Then why was this episode so shameful to me that it blocked out all other memories of the day? After thinking about this for a long time, I have a double-lightning-strike theory.
The first bolt, so goes my theory, was the extreme stress of being the center of attention. I think about my shy sixteen-year-old self. I don’t think I understood just how uncomfortable being the spotlight would be. I’d pushed through nervousness at festivals and other group recitals, but a whole recital where everyone came to listen to me alone was a very different matter. The stress must have kicked in just as the recital started.
The second major shock came when I proved so incompetent on the first piece. Failure to this degree was, frankly, a new experience. I’d been good at virtually everything I’d tried up to that point. School had always been easy. I’d learned new hobbies quickly. I wasn’t the absolute best at sports, but I’d made first string on the teams I’d gone out for. I must have thought there wasn’t much I couldn’t do. But I’d met my match with Mrs. Steidl’s expectations. I’d practiced so hard and I still failed. Too bad this lesson had to be learned right then.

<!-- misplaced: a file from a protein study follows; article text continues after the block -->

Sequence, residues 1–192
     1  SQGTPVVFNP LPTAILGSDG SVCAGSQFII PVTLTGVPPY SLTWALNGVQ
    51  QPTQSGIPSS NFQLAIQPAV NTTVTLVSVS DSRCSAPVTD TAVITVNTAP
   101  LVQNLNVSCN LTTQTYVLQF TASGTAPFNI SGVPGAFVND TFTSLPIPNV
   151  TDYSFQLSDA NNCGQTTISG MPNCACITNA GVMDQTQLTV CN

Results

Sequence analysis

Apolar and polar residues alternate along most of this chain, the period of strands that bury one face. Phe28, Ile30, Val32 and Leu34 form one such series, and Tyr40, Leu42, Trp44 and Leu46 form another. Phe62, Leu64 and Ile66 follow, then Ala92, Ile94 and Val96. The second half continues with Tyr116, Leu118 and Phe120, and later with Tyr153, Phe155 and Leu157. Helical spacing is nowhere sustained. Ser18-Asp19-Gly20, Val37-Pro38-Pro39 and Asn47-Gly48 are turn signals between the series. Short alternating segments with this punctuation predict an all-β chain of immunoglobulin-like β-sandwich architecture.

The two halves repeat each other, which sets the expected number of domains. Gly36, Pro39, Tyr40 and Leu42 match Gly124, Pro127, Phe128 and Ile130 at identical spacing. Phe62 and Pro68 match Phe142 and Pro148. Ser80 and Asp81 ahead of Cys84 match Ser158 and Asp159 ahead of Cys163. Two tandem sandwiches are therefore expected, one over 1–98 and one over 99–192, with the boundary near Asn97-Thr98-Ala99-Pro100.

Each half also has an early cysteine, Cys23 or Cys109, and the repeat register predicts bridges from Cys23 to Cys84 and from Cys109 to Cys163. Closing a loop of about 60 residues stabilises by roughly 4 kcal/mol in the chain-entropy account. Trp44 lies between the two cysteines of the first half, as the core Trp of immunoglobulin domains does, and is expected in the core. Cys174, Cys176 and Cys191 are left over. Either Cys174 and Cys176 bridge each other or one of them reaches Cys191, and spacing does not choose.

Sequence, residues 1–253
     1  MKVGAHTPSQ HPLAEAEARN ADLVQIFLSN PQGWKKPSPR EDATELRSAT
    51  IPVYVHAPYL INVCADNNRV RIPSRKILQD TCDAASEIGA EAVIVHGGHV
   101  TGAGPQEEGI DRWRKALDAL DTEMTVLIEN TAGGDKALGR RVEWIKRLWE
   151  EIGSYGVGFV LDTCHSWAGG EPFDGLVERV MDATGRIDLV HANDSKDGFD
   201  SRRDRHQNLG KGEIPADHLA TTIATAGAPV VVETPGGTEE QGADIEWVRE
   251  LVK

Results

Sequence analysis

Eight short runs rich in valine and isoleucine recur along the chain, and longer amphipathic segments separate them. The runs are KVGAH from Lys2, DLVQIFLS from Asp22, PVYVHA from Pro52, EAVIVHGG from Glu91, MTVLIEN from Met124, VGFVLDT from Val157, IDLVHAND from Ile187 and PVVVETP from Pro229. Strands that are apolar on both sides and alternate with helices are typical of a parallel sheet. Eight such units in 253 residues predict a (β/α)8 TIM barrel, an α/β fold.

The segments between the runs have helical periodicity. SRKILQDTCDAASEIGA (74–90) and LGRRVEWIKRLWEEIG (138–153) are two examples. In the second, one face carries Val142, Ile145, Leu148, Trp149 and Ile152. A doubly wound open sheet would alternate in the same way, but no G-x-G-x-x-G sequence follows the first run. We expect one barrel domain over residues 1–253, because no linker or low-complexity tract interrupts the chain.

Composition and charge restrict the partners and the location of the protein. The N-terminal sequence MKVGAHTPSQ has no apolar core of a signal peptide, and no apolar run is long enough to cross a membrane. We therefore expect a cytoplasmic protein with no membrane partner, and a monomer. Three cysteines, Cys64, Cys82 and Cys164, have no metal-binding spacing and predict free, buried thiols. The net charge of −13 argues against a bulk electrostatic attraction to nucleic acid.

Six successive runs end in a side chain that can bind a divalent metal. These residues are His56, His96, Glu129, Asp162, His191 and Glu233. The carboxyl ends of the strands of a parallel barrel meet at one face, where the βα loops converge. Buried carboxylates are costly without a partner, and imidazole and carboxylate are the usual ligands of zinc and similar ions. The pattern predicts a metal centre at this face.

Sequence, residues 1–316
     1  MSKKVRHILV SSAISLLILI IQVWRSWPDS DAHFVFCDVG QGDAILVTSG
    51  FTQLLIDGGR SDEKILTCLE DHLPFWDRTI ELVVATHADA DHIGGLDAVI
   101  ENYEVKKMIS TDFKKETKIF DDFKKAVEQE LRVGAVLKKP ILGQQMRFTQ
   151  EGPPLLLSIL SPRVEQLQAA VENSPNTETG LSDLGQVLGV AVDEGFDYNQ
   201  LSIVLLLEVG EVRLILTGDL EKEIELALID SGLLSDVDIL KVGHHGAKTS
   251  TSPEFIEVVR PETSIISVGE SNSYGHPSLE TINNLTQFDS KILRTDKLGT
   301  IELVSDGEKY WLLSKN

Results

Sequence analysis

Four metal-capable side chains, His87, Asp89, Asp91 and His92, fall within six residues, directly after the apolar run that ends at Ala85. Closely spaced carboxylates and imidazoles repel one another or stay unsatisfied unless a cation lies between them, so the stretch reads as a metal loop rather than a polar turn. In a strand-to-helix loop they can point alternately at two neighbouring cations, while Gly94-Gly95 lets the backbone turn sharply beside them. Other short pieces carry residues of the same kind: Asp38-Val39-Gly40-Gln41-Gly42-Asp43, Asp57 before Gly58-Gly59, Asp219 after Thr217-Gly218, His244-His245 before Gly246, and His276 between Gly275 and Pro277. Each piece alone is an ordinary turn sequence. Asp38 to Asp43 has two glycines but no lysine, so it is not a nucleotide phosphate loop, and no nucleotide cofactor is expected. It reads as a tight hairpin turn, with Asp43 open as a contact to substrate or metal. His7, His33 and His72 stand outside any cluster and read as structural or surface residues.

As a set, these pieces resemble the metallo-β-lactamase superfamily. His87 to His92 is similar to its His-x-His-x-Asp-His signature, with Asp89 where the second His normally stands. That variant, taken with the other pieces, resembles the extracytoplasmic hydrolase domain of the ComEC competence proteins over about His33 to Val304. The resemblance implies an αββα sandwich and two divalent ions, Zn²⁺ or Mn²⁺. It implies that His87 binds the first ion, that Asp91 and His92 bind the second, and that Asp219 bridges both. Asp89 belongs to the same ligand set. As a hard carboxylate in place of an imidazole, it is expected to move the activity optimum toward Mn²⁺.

So there it is, a classic moment of shame and my best guess as to why it made such a deep impression. Does this processing lessen its sting? I would say yes. At least now I can linger on it instead of wincing and looking away. I can feel sympathy for that devasted teenager. I can see now that Mrs. Steidl pushed me too far too fast. Not to mention she bullied me.
There will always be some scar tissue where the shameful moment jabbed my confidence in the past. But even back then, the sixteen-year-old didn’t let the experience defeat her. Right after the epic mistake, she picked herself up and finished the recital. She showed up for her next lesson and didn’t walk away from Mrs. Steidl or the piano. She doubled-down on musical study and made it a core part of her life and identity.
I got out the Bach Two-Part Inventions recently. Number 15 is more difficult than I remember. I’ll keep at it.